The second thing you’re supposed to do with your sloes is to prick them individually with a non metal pin (toothpick anyone?). I’m sure a metal pin or fork is fine. Two years ago I made 3 litres of the stuff, and I couldn’t face the mind numbing chore of individually pricking 3 kilo’s (roughly 6lbs) of the little bastards. The whole point of pricking the skins is the let the lovely sloe yumminess actually get out of the sloe and into your gin. My solution is to just lay them in a single layer in a baking tray (frozen) and beat the living daylights out of them with the bottom of a wine bottle. The skins split, which is the whole point. You can always decant off the little bits later. In fact you need to, to prevent the whole lot turning bitter.

Once your sloes are all prepped, chuck them into your bottle of choice till the bottle is between a quarter and a half full. Add sugar, shaking it down until it is level with the top of the sloes. Top up the whole lot with lots of gin. You can do like I did two years ago and use rather expensive export quality, or you can use the cheap and nasty stuff, which is what I’m doing this year. You don’t have to use caster sugar, ordinary white, granulated sugar is also just fine.

Seal and shake your bottle. Store in a dark cupboard. Shake a few times in the first 24 hours, then once daily for a week, once weekly for a month and once monthly till sometime between Christmas and early March. Decant off the used up sloes and store your lovely gin in a nice bottle. Don’t leave the gin on the sloes for more than 3-5 months, otherwise it can turn very bitter. It will be ready to drink by Christmas, but I prefer to leave mine for a year or so. It will turn an amazing pinky red during this process. Decanted and left to mature, it turns a more tawny red and mellows beautifully.

MAKE some, you’ll need it for my Sloe Gin Venison Pie, coming to a blog near you soon! Although I like it neat, I believe it makes a brilliant fizz cocktail when combined with some bubbly. Chin chin!

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“The mind I love must have wild places, a tangled orchard where dark damsons drop in the heavy grass. ~ Katherine Mansfield

We live right in a fantastic country park which links up to several local commons. I tend to go for regular long walks with little K in the pram. She really enjoys the scenery and I can’t say I blame her. There are some incredibly enormous trees that were replanted here from Kew Gardens during WW2 so that they wouldn’t be damaged during the bombing raids on London. Some patches of ancient woodland, undisturbed for hundreds of years, also still remain. There are also two old abandoned orchards.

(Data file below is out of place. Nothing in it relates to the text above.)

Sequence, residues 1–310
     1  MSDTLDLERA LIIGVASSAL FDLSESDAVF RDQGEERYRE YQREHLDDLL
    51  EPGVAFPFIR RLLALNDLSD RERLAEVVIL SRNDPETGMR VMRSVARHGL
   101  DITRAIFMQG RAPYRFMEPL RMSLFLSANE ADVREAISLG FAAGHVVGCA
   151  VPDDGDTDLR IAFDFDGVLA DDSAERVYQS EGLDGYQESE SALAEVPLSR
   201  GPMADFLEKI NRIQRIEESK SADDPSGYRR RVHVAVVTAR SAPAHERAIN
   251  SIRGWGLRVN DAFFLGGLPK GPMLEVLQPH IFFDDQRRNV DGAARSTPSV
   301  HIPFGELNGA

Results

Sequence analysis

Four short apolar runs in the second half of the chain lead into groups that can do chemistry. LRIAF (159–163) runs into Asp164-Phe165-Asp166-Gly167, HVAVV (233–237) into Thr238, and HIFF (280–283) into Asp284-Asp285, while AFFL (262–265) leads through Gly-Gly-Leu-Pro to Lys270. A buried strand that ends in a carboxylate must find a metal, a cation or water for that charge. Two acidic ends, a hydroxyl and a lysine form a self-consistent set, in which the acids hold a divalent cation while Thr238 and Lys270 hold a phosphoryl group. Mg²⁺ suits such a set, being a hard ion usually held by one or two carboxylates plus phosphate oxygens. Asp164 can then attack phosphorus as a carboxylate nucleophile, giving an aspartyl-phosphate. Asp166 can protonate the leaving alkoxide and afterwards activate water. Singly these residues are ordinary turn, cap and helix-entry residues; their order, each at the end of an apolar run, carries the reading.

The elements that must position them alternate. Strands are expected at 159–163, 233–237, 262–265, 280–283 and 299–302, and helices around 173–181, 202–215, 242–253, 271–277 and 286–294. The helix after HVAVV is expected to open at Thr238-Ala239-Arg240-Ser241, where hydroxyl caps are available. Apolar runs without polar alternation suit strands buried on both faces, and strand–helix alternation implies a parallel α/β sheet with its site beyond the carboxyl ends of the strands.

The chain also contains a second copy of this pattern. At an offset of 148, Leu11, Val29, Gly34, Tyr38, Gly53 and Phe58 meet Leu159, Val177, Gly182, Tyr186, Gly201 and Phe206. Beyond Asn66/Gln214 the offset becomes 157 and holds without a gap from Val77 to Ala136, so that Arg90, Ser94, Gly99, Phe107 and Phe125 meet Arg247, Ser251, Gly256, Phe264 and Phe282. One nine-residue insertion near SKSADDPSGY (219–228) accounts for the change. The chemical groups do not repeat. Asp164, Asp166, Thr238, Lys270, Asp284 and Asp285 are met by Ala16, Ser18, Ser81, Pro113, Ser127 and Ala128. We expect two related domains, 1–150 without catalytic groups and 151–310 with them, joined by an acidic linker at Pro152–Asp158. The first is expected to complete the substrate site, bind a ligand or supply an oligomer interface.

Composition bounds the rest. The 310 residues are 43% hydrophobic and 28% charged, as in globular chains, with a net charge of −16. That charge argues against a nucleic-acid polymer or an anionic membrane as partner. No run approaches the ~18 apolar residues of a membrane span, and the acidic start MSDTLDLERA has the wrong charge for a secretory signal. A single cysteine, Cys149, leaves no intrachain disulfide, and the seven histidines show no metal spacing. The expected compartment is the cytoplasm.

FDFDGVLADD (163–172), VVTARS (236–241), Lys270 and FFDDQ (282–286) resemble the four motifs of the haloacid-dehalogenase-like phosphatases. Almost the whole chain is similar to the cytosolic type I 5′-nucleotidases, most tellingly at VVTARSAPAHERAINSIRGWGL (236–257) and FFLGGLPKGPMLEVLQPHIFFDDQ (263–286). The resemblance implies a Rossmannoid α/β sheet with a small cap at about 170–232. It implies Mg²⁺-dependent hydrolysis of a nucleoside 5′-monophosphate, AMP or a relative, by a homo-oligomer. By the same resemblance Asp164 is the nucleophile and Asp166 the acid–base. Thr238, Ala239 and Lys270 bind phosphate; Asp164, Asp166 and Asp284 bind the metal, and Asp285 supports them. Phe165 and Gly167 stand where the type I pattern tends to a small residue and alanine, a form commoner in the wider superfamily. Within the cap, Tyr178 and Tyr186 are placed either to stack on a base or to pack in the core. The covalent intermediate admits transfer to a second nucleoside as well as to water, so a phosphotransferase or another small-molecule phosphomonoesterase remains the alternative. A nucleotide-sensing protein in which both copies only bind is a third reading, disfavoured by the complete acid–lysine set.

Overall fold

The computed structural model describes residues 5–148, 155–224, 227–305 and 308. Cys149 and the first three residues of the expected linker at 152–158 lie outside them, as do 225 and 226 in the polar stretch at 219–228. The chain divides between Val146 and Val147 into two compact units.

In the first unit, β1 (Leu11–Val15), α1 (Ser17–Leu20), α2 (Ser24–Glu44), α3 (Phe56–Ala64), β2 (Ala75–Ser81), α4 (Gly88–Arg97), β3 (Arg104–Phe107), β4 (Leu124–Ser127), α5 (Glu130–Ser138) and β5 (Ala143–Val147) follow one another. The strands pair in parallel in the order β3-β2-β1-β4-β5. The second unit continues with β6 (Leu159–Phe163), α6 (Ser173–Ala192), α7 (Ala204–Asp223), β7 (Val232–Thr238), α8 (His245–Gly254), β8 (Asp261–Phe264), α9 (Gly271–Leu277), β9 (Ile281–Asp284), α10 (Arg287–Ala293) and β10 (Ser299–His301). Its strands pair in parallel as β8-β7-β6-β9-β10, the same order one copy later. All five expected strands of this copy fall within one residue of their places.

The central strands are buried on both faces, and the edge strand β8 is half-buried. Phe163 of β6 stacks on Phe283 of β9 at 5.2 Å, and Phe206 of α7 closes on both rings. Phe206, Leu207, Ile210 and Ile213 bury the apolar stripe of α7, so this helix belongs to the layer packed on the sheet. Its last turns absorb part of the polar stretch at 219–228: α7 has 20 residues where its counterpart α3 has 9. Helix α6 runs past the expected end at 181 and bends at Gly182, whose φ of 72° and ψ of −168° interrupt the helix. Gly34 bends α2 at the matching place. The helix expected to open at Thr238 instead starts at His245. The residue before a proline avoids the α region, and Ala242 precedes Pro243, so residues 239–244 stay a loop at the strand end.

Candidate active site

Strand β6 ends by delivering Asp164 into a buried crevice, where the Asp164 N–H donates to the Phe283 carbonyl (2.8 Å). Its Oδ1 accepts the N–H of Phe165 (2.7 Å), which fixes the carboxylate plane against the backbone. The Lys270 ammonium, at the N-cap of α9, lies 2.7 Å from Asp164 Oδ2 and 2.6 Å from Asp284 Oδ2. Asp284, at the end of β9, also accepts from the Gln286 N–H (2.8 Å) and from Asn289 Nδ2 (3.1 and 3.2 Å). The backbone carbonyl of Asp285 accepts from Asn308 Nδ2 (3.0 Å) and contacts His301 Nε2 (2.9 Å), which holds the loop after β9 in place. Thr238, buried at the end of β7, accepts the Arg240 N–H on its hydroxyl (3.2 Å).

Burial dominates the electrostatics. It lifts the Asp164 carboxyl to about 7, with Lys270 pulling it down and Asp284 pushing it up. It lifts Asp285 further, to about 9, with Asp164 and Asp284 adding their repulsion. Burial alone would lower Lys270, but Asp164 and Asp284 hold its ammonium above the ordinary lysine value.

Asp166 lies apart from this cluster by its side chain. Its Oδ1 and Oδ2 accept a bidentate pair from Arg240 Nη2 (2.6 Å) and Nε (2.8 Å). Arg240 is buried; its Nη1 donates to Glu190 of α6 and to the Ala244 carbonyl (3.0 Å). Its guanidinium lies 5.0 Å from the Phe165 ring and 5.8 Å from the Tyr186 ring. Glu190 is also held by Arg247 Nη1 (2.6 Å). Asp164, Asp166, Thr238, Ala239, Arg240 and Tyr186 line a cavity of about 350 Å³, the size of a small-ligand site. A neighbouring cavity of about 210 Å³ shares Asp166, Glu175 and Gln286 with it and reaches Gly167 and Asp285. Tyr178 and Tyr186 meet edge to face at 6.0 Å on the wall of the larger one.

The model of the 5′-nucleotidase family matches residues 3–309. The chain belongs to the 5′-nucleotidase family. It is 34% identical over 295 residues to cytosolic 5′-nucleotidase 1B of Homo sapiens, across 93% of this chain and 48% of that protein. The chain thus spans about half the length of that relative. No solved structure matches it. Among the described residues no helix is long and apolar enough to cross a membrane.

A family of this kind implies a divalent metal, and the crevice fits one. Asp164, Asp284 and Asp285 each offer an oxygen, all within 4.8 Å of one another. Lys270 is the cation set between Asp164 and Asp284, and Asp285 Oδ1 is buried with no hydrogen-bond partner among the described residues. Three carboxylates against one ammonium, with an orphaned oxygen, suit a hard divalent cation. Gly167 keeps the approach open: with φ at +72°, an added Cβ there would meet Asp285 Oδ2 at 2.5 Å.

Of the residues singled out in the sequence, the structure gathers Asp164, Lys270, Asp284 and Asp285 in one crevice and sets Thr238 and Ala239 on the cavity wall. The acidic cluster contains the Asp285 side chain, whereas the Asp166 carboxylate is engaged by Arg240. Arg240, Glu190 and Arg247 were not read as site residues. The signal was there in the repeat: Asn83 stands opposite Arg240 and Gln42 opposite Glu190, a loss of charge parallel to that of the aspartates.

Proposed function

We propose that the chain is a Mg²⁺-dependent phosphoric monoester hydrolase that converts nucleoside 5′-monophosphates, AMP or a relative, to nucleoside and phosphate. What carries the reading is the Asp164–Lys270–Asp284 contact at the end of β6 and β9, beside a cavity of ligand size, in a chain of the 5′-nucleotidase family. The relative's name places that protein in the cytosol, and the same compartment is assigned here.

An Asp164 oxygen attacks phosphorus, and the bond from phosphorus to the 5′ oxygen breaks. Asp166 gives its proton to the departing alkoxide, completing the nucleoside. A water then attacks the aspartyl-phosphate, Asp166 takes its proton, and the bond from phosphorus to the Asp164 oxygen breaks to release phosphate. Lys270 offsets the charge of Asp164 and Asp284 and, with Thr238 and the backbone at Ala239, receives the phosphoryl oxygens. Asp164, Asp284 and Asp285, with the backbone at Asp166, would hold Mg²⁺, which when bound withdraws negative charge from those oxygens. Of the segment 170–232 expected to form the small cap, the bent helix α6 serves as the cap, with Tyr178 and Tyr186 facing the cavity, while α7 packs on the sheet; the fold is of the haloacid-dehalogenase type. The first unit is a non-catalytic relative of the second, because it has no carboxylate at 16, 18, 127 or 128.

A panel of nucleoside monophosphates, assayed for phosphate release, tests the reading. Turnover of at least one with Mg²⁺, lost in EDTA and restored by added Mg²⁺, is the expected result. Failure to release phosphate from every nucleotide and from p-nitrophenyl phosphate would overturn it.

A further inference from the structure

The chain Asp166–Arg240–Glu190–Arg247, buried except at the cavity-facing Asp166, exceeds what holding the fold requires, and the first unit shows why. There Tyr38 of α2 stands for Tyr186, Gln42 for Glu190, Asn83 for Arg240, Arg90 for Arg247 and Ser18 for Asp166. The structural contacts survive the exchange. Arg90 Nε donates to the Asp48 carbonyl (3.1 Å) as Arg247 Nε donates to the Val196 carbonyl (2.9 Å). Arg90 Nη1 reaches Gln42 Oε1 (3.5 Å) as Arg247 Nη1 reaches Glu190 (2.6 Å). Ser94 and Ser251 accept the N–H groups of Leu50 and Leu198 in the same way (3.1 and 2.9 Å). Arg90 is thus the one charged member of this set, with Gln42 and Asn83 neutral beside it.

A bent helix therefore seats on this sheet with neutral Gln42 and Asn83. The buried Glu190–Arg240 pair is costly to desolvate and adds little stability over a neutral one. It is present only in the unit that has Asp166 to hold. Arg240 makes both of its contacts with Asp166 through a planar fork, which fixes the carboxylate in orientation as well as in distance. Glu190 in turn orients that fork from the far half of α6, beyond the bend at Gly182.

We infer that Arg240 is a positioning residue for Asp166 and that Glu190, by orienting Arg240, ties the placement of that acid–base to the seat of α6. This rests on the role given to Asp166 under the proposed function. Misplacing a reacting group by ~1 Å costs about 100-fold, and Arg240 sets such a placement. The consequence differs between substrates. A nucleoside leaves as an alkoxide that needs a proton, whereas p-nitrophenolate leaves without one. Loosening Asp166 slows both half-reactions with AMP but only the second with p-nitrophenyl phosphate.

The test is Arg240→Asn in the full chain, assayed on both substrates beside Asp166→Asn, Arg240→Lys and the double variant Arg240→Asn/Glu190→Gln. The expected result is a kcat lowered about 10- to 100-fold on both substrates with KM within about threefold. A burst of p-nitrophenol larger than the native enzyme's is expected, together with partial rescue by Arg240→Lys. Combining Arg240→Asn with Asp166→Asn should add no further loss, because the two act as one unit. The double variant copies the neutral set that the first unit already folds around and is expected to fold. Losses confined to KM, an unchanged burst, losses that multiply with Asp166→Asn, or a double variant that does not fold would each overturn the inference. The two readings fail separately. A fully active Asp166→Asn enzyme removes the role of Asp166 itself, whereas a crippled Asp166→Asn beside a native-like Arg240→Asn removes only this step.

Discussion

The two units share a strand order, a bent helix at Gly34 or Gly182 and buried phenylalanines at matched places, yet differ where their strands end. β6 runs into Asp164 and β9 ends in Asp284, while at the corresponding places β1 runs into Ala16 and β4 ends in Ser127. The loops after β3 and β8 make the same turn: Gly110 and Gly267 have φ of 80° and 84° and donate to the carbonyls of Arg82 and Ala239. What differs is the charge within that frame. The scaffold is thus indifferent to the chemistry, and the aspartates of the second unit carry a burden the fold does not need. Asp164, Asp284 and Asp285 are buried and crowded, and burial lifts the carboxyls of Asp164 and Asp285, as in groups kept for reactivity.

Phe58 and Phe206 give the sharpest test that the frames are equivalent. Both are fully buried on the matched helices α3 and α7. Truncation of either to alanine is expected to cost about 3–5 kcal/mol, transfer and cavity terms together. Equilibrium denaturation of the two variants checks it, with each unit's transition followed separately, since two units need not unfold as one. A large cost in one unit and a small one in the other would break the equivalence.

I missed the cherries this year but managed to get the Damsons before the birds. Damsons are essentially small, wild plums. They have a fantastic tart flavour and the skins release an unreal pink colour. I picked 1.5kg.

My chefy friend L and I spent several days debating the pro’s of damson vodka, icecream and jam while said fruit languished in my freezer. In the end, we opted for Jam. So last Monday we juggled 3 kids, 2 cups of tea and a jam thermometer while our Damsons bubbled away on the stove.

Damson Jam:

You’ll need equal weights of whole, ripe Damsons and ordinary granulated sugar. Damson’s are fairly high in pectin as long as you cook them enough before adding the sugar so you don’t need to use fancy jam sugar with added pectin.

We weighed the frozen Damsons and chucked them straight into a large pot on a low heat with a drop of water and covered them. Once they were burst and bubbling and the stones were separated from the flesh, we added an equal weight of ordinary granulated sugar. That brought the stones to the surface and we picked them out. We brought the jam up to 120 degrees and let it bubble away for 10 minutes while we picked out more stones. The hot jam was then poured into warm sterilised kilner jars. We had enough for exactly 4 jars (roughly 2 pints in total)


I’ll be enjoying this on scones in a week or two. Next week I’ll be pilfering some apples from the orchard and having a bash at chutney.